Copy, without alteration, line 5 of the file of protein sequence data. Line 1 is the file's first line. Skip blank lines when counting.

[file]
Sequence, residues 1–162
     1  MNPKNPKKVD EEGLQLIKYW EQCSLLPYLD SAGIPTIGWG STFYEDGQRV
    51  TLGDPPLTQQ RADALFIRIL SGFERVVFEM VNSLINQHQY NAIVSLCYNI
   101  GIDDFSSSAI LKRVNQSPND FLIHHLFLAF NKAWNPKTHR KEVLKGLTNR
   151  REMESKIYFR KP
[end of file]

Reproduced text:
   151  REMESKIYFR KP